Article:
Interactive resources for incubators and accelerators
Interactive resources for incubators and accelerators
Interactive resources for incubators and accelerators

Investment-Grade Accelerator Selection

Investing in your own entrepreneur cohort can have a significant impact on the way you run your program. Participation is no longer just a case of charging your cohort to participate, or not charging them and covering their costs with donor funds.


This section looks at how the process of selecting companies for your accelerator changes once you start investing in them. It provides some useful questions to ask yourselves before taking the plunge into investment, and outlines some of the key criteria for making an investment in your own entrepreneurs worthwhile, for you and for the entrepreneur.

Basic Questions To Ask Yourself Before Launching An Investment-Grade Accelerator

  • Would you recruit the same companies?

    What criteria do you use today?

    Do you pay for the program?

    Do you also receive grant funding to help supplement costs?


    Are you choosing the most investable applicants?

    Or those that need help the most?

    Do you have a pool of investors looking around?

    What is your criteria?


    Are you inviting more companies than your local ecosystem can fund?

  • What is your long-term returns focus?

    You succeed only when your graduates succeed

    Aligning your interest with their interests in the long term

    Startups need help for years so this gives you an incentive to help them


    How does that change your choices?

    Start looking at companies like an investor


    Does investing become your sole focus or the flagship program?

  • What is your geographic focus?

    Is your home city/country sufficient for deal flow?


    Is it better to focus geographically or expand (your city) to be a centre of excellence (aka breadth vs depth focus)?

    e.g. Nairobi, Kenya has become the place to be for a place of global investments, Singapore is a financial and trade hub.

  • What is your sector focus?

    When you’re bringing angels in to invest in your companies, is there a match between numbers of entrepreneurs, investment needs, and investment capital for that sector?

    This will be a problem if ideas/values don’t match.

    Understand what the investors want to invest in and find entrepreneurs in that sector.

  • Where can you create the most impact in your ecosystem?

    What will you do for idea-stage companies? 

    Are you going to help them or is someone else going to?

    If you are, what will the program look like?

    How many programs are there between idea-stage and investable accelerators?


    Note on ecosystem building: how do you make sure the angels you are teaching have the ability to help companies at a stage where they are not taking too much risk?


    Prototype-stage companies?


    Growth-stage companies?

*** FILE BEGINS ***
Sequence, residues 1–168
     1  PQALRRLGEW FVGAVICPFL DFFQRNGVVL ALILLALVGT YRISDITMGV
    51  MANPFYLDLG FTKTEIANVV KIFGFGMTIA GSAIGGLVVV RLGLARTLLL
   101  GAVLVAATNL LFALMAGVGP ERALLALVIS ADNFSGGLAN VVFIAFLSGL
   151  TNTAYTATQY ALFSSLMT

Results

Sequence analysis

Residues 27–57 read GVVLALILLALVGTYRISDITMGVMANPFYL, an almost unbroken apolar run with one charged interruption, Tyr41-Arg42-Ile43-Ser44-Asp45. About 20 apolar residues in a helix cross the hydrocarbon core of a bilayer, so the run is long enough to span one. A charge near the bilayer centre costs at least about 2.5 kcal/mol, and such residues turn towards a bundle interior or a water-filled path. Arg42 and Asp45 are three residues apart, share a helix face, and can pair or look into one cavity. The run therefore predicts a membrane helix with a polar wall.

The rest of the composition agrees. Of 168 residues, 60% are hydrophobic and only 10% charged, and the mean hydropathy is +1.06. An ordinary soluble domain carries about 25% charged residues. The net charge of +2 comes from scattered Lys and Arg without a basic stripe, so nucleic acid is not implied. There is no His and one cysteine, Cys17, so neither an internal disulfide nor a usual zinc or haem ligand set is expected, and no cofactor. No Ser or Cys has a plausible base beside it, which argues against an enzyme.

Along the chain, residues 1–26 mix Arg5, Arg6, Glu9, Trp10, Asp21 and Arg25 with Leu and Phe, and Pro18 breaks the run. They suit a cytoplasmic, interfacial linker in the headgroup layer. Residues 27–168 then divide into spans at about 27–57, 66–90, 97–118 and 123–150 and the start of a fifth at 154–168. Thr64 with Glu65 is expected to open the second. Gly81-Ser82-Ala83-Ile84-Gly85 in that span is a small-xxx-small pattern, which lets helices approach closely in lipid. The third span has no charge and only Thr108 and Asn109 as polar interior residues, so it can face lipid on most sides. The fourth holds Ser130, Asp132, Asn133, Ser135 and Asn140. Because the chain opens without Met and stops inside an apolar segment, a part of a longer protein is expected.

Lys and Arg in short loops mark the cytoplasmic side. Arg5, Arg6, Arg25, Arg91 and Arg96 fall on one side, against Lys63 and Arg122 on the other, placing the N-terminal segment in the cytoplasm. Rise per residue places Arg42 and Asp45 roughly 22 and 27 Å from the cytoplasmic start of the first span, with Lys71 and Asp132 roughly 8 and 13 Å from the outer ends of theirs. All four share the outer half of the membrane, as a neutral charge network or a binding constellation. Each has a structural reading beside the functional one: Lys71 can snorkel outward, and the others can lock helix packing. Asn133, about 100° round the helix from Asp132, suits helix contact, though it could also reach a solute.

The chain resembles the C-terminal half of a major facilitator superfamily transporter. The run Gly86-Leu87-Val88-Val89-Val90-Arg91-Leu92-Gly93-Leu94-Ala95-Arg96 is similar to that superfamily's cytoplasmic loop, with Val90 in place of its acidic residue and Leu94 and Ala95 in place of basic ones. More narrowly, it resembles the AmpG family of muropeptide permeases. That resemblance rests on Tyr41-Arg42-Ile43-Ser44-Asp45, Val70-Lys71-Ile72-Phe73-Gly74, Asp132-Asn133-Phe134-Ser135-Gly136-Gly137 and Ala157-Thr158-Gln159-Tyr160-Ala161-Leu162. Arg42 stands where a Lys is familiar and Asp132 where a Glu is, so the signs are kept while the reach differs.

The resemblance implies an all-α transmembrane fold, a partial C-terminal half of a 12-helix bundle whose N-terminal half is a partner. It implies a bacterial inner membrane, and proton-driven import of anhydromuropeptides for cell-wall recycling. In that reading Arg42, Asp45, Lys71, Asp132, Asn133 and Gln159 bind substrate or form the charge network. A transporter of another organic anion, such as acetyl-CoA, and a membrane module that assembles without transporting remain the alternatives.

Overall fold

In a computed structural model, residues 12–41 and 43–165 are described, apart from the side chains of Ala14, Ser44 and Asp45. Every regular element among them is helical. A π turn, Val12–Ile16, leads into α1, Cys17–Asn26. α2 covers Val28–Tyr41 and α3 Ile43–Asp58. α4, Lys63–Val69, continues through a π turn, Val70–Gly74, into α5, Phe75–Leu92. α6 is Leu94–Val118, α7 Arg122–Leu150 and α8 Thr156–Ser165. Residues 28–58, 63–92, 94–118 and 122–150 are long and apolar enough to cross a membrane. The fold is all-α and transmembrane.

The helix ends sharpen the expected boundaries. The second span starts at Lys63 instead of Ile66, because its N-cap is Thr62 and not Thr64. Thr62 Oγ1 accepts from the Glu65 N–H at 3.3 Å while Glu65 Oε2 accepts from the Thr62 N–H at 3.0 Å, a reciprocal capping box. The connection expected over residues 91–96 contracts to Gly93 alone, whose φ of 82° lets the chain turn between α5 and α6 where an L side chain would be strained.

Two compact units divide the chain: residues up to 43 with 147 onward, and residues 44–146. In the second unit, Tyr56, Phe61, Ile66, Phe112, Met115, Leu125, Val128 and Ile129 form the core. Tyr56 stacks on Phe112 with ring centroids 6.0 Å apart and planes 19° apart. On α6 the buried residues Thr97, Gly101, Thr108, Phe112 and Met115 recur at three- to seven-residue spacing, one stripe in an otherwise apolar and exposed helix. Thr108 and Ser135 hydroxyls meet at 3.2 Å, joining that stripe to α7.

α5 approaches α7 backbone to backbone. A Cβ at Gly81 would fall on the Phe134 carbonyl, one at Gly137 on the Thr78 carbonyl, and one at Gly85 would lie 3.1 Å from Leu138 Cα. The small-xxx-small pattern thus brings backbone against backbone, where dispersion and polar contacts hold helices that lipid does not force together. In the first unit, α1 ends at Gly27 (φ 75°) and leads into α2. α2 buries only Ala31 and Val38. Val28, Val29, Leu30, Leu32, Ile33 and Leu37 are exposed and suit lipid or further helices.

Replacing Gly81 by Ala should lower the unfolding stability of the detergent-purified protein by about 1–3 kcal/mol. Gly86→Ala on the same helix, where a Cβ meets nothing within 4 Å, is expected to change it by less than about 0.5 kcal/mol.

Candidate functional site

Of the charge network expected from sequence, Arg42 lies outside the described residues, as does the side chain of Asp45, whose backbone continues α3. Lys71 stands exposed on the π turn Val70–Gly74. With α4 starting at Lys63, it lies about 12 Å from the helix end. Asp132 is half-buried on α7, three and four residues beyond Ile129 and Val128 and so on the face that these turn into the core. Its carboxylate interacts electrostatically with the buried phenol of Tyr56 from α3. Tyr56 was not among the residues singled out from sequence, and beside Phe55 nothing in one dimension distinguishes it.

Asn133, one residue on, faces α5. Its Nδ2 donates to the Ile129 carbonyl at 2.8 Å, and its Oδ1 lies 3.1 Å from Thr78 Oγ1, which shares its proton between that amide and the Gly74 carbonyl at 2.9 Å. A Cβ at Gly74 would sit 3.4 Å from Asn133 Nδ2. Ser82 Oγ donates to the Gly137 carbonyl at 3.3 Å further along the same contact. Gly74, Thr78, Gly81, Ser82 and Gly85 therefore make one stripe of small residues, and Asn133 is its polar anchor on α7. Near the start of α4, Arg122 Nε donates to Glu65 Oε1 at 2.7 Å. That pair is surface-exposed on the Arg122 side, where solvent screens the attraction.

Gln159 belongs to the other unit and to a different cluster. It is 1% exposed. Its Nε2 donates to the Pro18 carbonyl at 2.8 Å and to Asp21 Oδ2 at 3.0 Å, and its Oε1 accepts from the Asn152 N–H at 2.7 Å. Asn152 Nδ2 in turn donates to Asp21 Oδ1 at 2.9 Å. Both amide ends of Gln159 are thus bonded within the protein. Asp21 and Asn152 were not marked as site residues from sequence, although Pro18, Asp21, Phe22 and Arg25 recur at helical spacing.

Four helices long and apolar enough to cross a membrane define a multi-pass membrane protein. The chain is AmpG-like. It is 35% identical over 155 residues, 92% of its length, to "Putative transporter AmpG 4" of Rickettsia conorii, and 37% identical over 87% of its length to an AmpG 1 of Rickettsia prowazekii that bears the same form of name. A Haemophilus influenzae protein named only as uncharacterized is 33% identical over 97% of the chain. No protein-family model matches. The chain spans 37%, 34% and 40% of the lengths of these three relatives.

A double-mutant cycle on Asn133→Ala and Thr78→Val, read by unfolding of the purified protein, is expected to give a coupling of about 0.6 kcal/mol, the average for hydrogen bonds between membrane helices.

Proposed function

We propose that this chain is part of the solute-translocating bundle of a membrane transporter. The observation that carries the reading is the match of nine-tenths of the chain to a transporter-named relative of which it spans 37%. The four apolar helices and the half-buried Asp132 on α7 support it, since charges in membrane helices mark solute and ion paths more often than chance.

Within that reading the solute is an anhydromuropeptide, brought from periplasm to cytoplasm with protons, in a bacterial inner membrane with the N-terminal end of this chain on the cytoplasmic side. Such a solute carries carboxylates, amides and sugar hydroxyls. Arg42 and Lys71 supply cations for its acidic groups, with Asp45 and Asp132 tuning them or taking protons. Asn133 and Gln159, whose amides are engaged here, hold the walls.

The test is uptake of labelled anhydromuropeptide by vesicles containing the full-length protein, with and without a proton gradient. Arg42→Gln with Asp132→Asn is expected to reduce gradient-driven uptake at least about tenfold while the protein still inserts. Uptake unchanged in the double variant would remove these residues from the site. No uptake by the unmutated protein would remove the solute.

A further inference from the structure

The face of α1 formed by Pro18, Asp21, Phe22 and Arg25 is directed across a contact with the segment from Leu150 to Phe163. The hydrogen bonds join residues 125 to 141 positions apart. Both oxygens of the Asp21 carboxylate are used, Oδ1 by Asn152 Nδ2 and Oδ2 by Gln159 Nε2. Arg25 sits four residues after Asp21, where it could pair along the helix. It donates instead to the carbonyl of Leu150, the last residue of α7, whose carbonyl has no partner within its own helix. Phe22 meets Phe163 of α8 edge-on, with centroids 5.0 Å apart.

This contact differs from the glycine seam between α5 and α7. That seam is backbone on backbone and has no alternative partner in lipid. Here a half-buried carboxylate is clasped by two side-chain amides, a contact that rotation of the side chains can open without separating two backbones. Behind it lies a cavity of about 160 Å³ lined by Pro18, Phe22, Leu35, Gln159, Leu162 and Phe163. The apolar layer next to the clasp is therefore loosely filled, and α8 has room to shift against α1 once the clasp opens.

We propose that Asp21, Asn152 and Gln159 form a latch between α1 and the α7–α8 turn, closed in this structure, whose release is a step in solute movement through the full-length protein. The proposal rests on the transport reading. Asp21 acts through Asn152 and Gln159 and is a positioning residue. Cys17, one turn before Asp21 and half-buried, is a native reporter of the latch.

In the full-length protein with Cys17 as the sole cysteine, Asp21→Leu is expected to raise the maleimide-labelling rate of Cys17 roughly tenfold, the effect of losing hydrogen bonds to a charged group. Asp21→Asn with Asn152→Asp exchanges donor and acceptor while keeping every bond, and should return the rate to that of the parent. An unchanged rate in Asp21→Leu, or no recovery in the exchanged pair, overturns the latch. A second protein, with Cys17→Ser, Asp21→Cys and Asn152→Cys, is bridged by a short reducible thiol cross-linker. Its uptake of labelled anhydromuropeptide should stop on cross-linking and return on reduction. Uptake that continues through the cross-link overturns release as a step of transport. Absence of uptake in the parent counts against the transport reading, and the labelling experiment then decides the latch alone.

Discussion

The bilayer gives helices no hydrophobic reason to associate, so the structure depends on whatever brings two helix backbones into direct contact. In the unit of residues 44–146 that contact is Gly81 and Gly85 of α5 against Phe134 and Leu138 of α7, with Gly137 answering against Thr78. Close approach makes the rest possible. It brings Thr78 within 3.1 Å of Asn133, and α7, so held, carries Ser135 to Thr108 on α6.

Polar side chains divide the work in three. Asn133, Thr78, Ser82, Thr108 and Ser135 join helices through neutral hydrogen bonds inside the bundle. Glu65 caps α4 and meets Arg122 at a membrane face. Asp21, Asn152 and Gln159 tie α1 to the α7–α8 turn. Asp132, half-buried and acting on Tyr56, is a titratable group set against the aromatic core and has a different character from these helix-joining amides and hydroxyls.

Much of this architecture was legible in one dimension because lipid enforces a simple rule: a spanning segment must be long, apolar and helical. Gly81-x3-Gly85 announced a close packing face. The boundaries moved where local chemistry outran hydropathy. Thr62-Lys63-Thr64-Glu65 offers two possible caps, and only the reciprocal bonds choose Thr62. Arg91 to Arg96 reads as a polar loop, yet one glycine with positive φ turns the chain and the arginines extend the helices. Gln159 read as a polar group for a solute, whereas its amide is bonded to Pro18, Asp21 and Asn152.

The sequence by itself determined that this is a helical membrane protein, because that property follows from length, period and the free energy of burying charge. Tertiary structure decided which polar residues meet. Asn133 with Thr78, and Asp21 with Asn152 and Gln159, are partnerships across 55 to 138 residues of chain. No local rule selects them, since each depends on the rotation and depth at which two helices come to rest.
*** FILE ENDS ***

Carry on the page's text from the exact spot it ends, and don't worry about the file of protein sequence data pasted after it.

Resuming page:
Criteria for Investment: What to look for

  • 01.

    The Team

    Great teams have a higher chance of success.


    Compromises will come back to bite you (falling in love with the idea more than the team).


    No “solopreneurs” (red flag these as they have a higher chance of failing).

  • 02.


    Prioritised before or after return? Impact can come before return but don’t compromise the rate of return.


    Make sure you have your own definition for what impact is to your fund and how you are creating impact through your investments.


    Concessionary or market-rate returns?

    e.g. total potential of lives touched or scale of the impact (One city? A few? A country? A region? Or global impact?)

  • 03.

    Odds of Success

    Take into consideration the opportunity size, competition, complexity, etc.


    How long will it take them to get to half a million? 5 years? How complex is their business model? Who are their competition? How much money do they need to raise?

Picking Companies: 4 Key Application Questions for Entrepreneurs to Answer


1. When did you start?

You will want to know if this is a brand new company, or is it an old one? Is it a stale deal? And does the stage fit with your accelerator mission and overall programmatic offerings?


2. How much have you raised to-date?

Get insight into how much money it has taken to get where they are today. This also shows the level of trust by other investors and can show the experience and connections of members of the enterprise’s team. Also seeing how much “skin in the game” (i.e. the founders’ money) they have used can show the commitment of the founders to the enterprise’s long-term success.


3. What were your revenues in the last 12 months? What does cash flow look like?

Know what a 5-year-old company looks like versus a 1-year old company.


  • 1000minds

    An online suite of tools and processes to help individuals and groups with their decision-making



Due Diligence 101

Figure out what you want and are looking for before you start looking